Jiah Khan suicide: Are terrorists responsible for it?

Good people often die young is the proverbial cliché that we have heard since we were born. Yet, this cliché is brought to harsh life when someone young actually dies. Rituparno Ghosh was too young

Jiah Khan suicide: Are terrorists responsible for it?
Yogen Shah

Cineswami tells us about the tragic tale of actor Jiah Khan who committed suicide last night in Mumbai

Good people often die young is the proverbial cliché that we have heard since we were born. Yet, this cliché is brought to harsh life when someone young actually dies. Rituparno Ghosh was too young to go at 49, but when Jiah Khan departs at 25, you wonder whether the person upstairs has some sort of master plan and if yes, the cruelty of it.

Jiah’s painfully brief life and career have already been written about in these pages but what has not been revealed is the reason why she was out of work. It is all due to terrorists. In 2008 the world watched while Mumbai was under siege when a handful of terrorists held one of the world’s greatest cities to ransom. After the danger was quelled, one of the Indian Government’s reactions was typically knee jerk. It was discovered that some of the masterminds behind the attack had been living in India for months and planning the carefully orchestrated attacks.

In a classic scenario of bolting the stable door after the horse has bolted, the Government did not renew the work visas of many foreign nationals in the country and in the case of those whose visa had expired and overstayed in the country, they were shut out completely with appeals falling on deaf bureaucratic ears in Indian high commissions and embassies around the world, especially in the UK. British national Jiah Khan was one of these unfortunates.

Post Nishabd and Ghajini, Jiah wasn’t short of offers, but to act in movies she physically had to be in India and thanks to the new immigration laws she was back home in London. Chance Pe Dance, that she’d already shot a bit for was one of the casualties and Genelia D’Souza replaced her. However, in her mother Rabia, she had one determined manager. Rabia hired a PR agency to make sure that her daughter stayed in the spotlight. Jiah could act in Housefull because her portions of the film were shot in London.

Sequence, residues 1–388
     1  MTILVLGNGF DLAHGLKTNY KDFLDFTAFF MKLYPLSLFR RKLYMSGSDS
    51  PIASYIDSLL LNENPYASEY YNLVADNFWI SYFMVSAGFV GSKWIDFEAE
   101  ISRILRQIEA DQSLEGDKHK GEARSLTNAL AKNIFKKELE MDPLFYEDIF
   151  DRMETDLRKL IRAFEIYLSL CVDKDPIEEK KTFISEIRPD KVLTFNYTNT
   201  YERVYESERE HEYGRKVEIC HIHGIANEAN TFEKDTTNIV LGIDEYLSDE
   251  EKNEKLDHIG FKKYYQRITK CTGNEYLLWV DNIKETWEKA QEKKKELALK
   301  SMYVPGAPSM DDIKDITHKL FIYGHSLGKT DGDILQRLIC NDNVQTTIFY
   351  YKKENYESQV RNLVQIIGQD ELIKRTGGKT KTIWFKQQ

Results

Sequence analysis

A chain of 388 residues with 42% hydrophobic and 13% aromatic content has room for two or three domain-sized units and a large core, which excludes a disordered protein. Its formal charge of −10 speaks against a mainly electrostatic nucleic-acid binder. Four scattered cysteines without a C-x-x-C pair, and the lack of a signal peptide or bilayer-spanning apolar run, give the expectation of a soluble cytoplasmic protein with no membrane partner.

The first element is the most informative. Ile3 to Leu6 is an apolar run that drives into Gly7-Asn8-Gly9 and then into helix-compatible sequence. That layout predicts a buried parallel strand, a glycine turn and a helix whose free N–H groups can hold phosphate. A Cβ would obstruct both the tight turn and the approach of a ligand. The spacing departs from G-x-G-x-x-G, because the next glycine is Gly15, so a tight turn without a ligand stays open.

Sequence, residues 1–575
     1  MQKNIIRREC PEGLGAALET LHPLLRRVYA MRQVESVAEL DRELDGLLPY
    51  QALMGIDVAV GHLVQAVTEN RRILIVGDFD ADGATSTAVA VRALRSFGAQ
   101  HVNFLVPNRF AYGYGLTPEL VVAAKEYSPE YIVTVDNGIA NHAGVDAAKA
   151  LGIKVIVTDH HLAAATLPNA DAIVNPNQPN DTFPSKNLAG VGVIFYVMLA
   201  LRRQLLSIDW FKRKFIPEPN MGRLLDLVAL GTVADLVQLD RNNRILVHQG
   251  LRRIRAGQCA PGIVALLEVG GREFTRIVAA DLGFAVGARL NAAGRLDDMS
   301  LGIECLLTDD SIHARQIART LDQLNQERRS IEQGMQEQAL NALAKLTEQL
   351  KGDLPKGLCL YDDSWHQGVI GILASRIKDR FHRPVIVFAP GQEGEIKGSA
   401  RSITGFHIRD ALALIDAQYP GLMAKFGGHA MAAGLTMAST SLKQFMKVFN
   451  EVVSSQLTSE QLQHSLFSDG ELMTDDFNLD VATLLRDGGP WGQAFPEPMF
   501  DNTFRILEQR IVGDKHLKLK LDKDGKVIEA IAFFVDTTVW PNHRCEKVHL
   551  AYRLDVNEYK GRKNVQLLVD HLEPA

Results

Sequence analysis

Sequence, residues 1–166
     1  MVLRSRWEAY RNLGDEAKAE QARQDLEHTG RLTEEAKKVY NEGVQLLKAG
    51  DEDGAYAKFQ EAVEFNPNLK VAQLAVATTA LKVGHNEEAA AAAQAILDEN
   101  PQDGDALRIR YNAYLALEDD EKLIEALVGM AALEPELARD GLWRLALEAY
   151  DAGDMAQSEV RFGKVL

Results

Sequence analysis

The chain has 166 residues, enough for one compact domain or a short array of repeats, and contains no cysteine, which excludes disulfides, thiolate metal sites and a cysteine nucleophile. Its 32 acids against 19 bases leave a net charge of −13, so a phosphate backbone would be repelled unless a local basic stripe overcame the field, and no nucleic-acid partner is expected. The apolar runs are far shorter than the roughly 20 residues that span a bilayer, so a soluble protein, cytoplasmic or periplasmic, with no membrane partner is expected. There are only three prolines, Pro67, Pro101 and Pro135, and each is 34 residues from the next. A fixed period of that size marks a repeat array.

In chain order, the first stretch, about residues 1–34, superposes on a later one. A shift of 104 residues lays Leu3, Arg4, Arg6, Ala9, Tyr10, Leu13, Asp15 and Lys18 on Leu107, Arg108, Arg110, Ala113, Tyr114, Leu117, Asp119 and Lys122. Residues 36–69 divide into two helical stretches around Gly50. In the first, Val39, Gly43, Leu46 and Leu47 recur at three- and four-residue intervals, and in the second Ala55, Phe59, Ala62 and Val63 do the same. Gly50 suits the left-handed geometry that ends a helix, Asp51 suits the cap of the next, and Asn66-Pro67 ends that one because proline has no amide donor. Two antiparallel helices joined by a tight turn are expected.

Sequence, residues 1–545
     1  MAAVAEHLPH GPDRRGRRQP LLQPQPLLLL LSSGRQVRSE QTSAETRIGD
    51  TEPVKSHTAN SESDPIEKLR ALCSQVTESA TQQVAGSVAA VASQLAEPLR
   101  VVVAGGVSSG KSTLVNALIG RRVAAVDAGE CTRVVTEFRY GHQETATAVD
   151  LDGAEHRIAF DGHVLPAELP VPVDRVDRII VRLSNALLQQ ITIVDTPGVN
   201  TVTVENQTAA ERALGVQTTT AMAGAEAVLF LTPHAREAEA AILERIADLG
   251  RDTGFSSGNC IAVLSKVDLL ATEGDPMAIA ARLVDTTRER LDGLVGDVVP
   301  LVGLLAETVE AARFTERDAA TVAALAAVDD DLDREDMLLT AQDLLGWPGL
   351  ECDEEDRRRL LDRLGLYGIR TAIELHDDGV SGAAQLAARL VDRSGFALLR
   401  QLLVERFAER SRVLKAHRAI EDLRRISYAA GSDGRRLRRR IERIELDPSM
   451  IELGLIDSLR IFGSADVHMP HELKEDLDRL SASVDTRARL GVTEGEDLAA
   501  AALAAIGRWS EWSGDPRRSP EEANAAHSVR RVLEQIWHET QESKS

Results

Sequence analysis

Jiah’s PR agent ensured that she attended all Bollywood themed events in London. One such was the premiere of Delhi Belly where Jiah bedazzled in a gown as the Bollywood paparazzi went berserk. It wasn’t just the photographers – the assembled crowd also went wild while she walked the red carpet, proving that her popularity remained intact. All the while, her mother kept a watchful eye on her.

In late 2012, the Indian government repealed immigration laws and those formerly excluded from the country were finally allowed back in, leading a rush from the British film industry that has little or no use for Asian faces to Bollywood. Jiah was one of them. Sadly, as she found out, it is a cruel and uncaring industry where out of sight is out of mind and you have to start from scratch and compete with flavours of the season.

We do not know and cannot speculate on the reasons for Jiah’s death or even how she died. What we do know is that apparently the last call on her phone was from Aditya Pancholi’s son Suraj, who she was seeing, and that the police have called him in for questioning. We can only hope that ‘God takes soonest who he or she loves best’ is true.

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